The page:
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Akira Suemori/AP
Ariane Sherine, left, comedy writer and the organizer of the campaign, poses with Professor
Richard Dawkins, the author of non-fiction book 'The God Delusion'.

Atheism Bus Ads Stir Debate in Spain, and Worldwide

January 08, 2009 04:19 PM
by Josh Katz
Spain is the next stop for controversial bus advertisements promoting atheism, while the United Kingdom and United States have or had similar campaigns.

Atheist Ad Campaign Reaches Spain

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Barcelona will follow in the footsteps of the United Kingdom next week when it begins displaying atheist bus advertisements questioning the existence of God.

The buses will say, “Probablemente Dios no existe. Deja de preocuparte y goza de la vida,” meaning, “There’s probably no God. Now stop worrying and enjoy life.” Prominent atheist Richard Dawkins helped spearhead the effort in the UK.

The privately funded ads are expected to incite controversy in the predominately Catholic country, more so than in the increasingly secular Britain. The campaigners plan on spreading the ads to other Spanish cities as well in the near future, including Madrid and Valencia, The Guardian reports. The Catalan Atheists say that the campaign continues to receive substantial funding, indicating that the ads will be able to reach other locations.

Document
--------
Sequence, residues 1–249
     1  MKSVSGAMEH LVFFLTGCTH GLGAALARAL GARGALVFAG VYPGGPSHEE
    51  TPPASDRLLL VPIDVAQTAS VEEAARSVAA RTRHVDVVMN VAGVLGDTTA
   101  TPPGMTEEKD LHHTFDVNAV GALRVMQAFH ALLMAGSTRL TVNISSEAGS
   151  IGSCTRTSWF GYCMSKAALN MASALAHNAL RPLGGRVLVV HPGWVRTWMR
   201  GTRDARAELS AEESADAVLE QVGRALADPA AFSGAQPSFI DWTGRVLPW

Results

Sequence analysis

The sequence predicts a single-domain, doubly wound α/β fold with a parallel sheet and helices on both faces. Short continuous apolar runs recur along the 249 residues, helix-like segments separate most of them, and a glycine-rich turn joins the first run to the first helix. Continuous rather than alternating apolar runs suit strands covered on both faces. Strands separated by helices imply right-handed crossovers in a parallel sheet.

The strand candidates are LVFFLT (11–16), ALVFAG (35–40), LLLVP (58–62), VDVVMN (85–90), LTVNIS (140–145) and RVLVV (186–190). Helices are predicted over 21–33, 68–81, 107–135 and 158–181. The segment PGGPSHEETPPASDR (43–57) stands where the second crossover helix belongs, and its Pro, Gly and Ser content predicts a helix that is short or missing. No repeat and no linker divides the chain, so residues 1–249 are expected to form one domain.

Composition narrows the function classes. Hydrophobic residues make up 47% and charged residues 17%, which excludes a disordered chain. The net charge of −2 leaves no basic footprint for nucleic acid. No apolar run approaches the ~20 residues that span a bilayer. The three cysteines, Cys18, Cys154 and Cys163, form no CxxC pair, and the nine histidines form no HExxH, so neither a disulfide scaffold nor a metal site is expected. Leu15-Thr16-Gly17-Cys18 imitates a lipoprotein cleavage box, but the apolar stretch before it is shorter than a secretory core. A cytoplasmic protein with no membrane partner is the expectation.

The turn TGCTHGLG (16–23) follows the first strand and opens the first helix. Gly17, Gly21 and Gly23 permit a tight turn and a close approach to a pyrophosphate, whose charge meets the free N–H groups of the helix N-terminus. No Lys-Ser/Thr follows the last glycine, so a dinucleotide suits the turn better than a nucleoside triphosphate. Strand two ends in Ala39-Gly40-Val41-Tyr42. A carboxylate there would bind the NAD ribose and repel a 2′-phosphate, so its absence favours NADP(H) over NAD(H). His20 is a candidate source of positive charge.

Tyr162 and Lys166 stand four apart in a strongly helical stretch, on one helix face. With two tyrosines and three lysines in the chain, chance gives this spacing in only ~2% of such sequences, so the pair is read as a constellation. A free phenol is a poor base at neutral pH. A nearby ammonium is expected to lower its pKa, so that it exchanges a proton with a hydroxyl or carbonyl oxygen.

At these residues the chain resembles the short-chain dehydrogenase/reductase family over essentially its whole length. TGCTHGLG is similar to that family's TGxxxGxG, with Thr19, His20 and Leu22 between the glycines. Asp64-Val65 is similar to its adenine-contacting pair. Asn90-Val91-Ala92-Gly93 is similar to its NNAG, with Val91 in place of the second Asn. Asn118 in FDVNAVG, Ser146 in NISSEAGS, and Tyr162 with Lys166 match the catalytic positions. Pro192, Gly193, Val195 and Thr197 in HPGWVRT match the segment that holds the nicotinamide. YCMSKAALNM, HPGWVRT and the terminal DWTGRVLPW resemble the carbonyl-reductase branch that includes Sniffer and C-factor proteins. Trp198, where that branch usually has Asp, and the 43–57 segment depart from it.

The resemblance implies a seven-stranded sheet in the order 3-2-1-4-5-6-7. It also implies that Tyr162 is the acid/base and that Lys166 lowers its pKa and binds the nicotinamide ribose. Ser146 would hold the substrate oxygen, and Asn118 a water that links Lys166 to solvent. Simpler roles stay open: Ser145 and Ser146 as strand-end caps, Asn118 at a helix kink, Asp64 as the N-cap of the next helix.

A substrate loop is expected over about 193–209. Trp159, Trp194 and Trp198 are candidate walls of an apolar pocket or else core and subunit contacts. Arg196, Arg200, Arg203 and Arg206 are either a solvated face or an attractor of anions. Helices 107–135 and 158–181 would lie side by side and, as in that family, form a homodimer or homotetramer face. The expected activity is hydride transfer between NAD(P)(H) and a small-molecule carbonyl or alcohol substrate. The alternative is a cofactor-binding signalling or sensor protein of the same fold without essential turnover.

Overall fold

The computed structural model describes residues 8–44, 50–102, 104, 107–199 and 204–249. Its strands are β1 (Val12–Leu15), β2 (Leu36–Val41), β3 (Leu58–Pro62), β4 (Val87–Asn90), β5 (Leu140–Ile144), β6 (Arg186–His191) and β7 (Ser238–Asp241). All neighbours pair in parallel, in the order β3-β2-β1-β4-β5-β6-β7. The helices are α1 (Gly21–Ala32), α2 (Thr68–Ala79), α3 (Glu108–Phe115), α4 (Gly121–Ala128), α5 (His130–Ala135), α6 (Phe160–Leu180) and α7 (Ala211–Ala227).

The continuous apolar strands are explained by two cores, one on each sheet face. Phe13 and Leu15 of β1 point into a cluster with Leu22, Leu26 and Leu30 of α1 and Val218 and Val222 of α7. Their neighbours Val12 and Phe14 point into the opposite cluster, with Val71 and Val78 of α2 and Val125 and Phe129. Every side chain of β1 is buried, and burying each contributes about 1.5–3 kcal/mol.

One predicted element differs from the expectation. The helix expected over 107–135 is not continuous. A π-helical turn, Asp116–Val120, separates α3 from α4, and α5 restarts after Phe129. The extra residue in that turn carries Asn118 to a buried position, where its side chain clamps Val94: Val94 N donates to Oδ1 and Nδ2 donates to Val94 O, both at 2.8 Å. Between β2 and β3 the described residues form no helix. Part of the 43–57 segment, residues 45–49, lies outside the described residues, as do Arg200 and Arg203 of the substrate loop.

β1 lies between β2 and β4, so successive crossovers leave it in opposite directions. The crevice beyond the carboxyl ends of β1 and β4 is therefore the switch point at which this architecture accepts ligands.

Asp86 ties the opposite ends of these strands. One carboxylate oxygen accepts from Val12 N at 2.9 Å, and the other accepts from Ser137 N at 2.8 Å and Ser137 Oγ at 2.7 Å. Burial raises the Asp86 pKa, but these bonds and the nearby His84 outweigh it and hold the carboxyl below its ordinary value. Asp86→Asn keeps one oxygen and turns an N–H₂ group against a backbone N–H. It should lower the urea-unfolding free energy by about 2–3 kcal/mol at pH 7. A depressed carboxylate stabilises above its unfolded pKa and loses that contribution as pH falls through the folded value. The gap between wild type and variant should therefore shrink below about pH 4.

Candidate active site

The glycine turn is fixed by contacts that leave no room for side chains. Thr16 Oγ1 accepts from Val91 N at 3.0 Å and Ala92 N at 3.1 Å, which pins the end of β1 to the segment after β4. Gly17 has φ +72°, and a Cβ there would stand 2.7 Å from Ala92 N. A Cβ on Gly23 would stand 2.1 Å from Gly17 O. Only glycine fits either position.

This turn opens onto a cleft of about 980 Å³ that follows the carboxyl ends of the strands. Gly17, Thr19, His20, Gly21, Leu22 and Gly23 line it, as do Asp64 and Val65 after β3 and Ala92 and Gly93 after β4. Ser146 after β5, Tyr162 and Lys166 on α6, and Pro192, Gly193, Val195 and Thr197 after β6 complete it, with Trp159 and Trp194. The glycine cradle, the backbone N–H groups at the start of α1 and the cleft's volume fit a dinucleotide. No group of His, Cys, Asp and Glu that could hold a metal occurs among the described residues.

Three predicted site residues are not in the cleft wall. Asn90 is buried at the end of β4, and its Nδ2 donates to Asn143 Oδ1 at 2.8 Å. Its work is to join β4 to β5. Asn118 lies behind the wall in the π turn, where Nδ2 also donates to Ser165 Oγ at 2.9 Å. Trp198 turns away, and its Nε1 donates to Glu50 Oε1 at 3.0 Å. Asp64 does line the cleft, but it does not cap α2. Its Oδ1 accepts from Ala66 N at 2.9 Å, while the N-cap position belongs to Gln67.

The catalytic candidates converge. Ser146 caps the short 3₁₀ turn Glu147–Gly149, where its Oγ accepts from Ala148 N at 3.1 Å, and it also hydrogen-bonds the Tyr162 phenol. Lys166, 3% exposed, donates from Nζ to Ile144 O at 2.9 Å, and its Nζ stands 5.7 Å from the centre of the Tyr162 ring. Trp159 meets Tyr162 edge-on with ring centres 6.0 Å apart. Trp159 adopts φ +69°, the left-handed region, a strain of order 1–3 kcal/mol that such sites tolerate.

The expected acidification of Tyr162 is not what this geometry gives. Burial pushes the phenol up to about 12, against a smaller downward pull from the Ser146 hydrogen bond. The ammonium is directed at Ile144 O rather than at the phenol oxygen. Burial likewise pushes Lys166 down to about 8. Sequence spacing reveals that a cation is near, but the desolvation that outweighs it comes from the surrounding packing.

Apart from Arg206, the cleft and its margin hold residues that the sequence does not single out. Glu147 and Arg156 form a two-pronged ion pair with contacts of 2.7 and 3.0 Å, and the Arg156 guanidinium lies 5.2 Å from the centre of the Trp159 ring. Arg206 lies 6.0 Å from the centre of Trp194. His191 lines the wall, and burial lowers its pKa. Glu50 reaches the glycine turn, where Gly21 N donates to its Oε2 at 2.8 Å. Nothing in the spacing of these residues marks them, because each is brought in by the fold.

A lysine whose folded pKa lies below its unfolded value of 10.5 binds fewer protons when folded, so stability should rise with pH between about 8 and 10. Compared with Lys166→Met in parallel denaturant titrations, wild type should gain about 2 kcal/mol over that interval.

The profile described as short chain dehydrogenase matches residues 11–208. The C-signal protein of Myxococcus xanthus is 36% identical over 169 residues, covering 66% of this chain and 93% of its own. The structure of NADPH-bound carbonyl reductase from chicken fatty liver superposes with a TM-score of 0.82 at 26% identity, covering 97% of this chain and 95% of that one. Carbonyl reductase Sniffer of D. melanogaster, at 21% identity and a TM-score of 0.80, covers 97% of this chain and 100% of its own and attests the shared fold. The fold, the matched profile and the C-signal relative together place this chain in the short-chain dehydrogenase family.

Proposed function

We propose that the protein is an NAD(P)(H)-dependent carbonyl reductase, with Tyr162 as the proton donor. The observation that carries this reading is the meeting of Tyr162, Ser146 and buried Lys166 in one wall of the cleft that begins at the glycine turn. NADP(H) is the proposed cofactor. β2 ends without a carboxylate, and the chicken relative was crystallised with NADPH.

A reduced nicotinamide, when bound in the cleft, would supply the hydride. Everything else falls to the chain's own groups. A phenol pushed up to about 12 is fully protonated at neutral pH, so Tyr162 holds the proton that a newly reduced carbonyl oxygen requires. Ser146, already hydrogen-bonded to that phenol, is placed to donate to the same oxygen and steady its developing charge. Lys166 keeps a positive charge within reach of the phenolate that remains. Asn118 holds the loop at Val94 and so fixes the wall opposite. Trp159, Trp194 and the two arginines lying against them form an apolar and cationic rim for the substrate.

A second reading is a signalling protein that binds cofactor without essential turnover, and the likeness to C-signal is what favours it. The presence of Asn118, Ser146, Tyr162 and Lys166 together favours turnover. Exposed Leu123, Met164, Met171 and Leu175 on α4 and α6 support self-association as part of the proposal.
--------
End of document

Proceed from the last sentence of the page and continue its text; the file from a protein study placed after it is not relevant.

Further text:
The campaigners, led by the Union of Atheists and Freethinkers, argue that atheism deserves more attention, claiming that 20 percent of Spaniards do not think that God exists. A 2008 poll by the Center of Sociological Investigations indicated that only 78 percent of Spaniards considered themselves Catholics, while 83.5 percent did in 1998, Monsters & Critics reports. Furthermore, “Only about 30 per cent of the Catholics attend mass regularly.”

But the Protestant minority in Spain appeared to welcome the advertising campaign. Paco Rubiales, a pastor at the Christian Meeting Centre in Fuenlabrada near Madrid, who donated church money for two Madrid advertisements that read, “God does exist. Enjoy life in Christ,” said that discussing these questions in public is a good thing, according to Monsters & Critics.

The Catholic Church was not so welcoming. “It is an attack on all religions,” Javier Maria Perez-Roldan of the Catholic Church’s Tomas Moro centre, told the Guardian. Perez-Roldan also holds the socialist government responsible for allegedly helping to spread atheist beliefs, saying, “The government has created an atmosphere of belligerence.”

The Catholic Church of Spain has recently taken a greater role in the country’s politics. It has battled “against laws passed by prime minister José Luis Rodríguez Zapatero’s socialist government allowing gay marriage, simplifying divorce and reducing the importance of religious instruction in the school timetable,” according to The Guardian. Although the church and the government are considered separate in Spain, the government does provide the Catholic Church with funding.

Background: Atheist bus campaigns in UK, US and Australia